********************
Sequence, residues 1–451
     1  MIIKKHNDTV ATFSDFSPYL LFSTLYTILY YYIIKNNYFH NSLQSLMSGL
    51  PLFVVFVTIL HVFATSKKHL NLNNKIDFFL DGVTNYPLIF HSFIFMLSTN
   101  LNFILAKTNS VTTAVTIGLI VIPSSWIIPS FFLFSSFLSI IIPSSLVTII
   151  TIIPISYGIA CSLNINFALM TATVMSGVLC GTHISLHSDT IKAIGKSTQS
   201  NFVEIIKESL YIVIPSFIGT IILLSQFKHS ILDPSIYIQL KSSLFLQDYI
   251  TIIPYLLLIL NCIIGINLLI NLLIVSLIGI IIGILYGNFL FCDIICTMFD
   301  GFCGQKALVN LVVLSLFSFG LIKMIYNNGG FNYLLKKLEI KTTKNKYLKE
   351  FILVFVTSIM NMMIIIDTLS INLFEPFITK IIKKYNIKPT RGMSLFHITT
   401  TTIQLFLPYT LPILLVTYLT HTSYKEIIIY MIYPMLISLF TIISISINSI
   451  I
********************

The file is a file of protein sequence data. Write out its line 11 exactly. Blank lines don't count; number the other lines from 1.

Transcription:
   451  I